MAKING NOISE 012: London-based photographer Holly Whitaker
Hi Holly! Thanks so much for taking the time out to answer my questions, how are you?
No problem! Lockdown is very much starting to grate, but I’m learning German and picking up trumpet again, which is helping a lot.
How did you get into photography?
Honestly, I was originally pursuing acting, and was doing okay at it, but started finding it very daunting and intense, so ultimately I found it far less anxiety-inducing being behind a camera, one of which was handed down to me by my mum, and it went from there.
How did you know you wanted to work in music? How did you start?
Around 2014, some friends and my boyfriend at the time were starting bands and playing venues, which we’d never been to before (really), being *just* underage, I thought they were so cool. I’d had a few experiences of it before as my sister had been in a band for quite some time by then, but I hadn’t experienced it for myself. There was something really exhilarating about being by the front of a stage and watching the people you care about performing something that they’re proud of, to a crowd of whatever size, so I knew it was something I wanted to pursue.
What is your current go to camera equipment?
I don’t actually have one at the moment as I’m keen on trying out different ways to shoot and what to shoot on, it varies!
Who was one of the first bands you ever photographed?
Earliest band would be my sister’s, Evans the Death, who were so captivating as a live act, but they broke up in 2017 and I was very young when I took the photos, so I didn’t really know how to use the camera to my advantage. I think the first band I properly photographed was Shame in 2014 and I did their first press shots in the kitchen and practise room above the Queen’s Head in Stockwell, we were all still babies then too, though.
What is the one thing you wish you knew when you started taking photos in a live environment?
That grown men will elbow you in the face to get the shot!!!
What do you think is the most difficult thing about being a music photographer?
It’s a very crowded field! So it can be tough when it feels like competition, but it’s so much nicer when you support each other and understand everyone’s different styles and processes.
You’ve previously toured with Squid, how did that come into fruition? What was that like?
I’d worked with them for a year or so by then doing live photos and we worked pretty well together so they asked me to come with, which was lovely. They are so much fun and have the most fantastic music taste, and we’d often make playlists together for the journeys to different cities. The day off at the Peak District was an absolute highlight.
Do you prefer to go on tour or get booked for shoots with bands?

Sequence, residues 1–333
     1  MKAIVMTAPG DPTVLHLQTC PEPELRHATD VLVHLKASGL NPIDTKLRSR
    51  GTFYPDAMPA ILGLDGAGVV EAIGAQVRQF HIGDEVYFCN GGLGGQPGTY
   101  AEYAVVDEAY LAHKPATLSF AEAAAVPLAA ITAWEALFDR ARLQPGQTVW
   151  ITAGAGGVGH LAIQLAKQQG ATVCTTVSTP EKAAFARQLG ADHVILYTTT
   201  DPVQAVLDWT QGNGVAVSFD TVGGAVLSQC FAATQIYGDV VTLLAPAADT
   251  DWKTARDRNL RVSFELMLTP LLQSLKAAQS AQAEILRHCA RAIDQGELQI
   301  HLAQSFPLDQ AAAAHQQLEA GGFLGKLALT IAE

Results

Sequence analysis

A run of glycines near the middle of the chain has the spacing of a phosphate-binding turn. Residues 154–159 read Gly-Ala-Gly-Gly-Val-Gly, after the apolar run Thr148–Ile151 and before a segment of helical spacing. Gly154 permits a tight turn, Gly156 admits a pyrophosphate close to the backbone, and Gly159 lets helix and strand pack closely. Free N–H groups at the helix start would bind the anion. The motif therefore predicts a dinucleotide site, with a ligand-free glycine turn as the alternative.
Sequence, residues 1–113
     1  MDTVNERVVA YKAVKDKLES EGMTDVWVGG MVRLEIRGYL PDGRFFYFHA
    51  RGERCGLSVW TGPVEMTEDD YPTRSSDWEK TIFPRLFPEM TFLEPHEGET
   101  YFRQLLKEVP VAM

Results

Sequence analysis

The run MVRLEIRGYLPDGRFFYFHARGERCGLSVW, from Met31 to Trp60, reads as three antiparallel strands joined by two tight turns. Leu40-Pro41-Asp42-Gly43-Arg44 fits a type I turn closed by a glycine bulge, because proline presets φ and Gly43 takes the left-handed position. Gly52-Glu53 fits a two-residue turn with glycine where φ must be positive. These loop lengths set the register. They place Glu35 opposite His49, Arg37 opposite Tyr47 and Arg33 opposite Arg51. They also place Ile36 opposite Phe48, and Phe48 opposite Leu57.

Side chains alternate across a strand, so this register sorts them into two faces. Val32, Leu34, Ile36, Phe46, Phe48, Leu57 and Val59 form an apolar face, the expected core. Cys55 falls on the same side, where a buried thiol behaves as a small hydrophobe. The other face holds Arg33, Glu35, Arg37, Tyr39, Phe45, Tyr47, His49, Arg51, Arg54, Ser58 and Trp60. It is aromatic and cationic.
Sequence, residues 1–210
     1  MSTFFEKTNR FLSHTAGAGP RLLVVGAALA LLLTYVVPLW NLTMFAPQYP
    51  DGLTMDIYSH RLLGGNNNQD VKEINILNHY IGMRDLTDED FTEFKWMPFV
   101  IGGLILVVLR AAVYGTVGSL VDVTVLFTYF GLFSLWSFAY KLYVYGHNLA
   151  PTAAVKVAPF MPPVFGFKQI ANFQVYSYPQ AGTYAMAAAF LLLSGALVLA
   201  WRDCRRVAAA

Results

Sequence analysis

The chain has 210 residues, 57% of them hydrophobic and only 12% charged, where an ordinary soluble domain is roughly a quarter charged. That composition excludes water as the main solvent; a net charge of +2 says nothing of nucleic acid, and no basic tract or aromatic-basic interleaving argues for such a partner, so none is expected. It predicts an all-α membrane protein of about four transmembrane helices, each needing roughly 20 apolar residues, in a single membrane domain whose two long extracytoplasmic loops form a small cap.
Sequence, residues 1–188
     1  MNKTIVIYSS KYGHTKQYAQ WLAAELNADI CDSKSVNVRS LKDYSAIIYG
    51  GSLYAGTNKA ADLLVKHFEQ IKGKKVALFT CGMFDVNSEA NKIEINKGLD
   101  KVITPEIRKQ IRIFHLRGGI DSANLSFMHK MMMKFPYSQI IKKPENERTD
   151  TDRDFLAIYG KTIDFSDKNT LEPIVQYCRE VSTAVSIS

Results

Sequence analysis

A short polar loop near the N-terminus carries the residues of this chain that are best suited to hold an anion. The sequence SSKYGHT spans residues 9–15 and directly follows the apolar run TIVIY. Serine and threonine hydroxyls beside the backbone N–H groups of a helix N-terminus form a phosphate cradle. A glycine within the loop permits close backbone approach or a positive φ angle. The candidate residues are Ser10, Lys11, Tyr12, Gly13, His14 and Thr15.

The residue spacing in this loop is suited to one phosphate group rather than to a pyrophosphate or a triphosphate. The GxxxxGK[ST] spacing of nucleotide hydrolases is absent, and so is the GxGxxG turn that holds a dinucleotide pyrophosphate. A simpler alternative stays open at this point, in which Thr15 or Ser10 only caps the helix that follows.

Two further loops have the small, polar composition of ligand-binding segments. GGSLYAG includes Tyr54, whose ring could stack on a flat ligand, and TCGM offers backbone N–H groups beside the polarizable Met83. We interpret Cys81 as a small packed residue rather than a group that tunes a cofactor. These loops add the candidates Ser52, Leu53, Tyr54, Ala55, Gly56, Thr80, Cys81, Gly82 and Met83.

I have a lot of fun doing both, but touring holds a very special place in my heart really. I enjoy that you get basically a day in each city, you see the highlights and meet amazing people. I enjoy that it can be fast-paced, but also with a lot of downtime. Moreso for photographers than the band really because I don’t have to soundcheck hehe, but I find the freedom and getting to know a band and tour crew very enjoyable, it makes for lovely photos.
What shoot are you most proud of?
Recently, I shot my friend Aramidé’s new clothing collection that she hand-makes, (https://arammide.co.uk/) and it’s absolutely beautiful. I also got to photograph my very good friends wearing it, so the whole experience was very exciting, and I can’t wait to see the future of her work.
You got to shoot the cover for Shame’s album, what was that like?
I had documented the startings of the band in the Queens, at the Windmill, Dropout Studios, so it seemed like a nice natural progression to do some work for the album. I ended up shooting the cover at the micro pig farm and the press photos around London, it was 3 days worth of work, but was very worth it. I ended up on the album too, if you listen closely on ‘Angie’.
How did you go about finding your style?
Really it was through looking through photos of my parents that my mum took when they individually moved to London sparked an interest in a certain way of photographing. She would take photos of her friends and the parties they had, they were so warm and natural and it influenced me very much. I also like to adapt to who I’m working with, so it was through practise and experience with lots of different people that changed the way I shoot for the better.
What was one of your all time favorite moments while on tour with a band?
Days off are a huge highlight! Peak District with Squid in a big hostel while Louis and Anton fixed their guitars in the sun outside and Laurie played big chess and playing with chickens at the pub is a very fond memory, and when I was with Goat Girl on tour in the US, we got a day off in Indiana at an Airbnb by a lake, they all went swimming and Rosy and I made a BBQ, it was lovely. Also going to Mutter Bar in Hamburg with Pixx, we met the best people there.
You’ve been able to work with some super cool bands, who would you love to photograph next?
Lil Nas X
During our current situation, what’s one thing you miss about tour/music photography?
I miss being outside (!!!!!!!) I’m really missing live music so much, venues, and exploring, and tiny parties, meeting new people in different cities and getting to know a band well.
What advice would you give someone who wants to start music photography?
Don’t be afraid to ask lots of questions and take a camera everywhere just in case. Be nice to people, no elbowing!!!
If you could recommend me someone to interview next for “Making Noise,” who would it be?
Ina Tatarko! Master band manager and genius.
Thank you to Holly for being a part of Making Noise! She can be found on Instagram @hollyemmw. Keep an eye on her socials for any projects she might have coming up - especially if the UK is lifting lockdown in time for summer!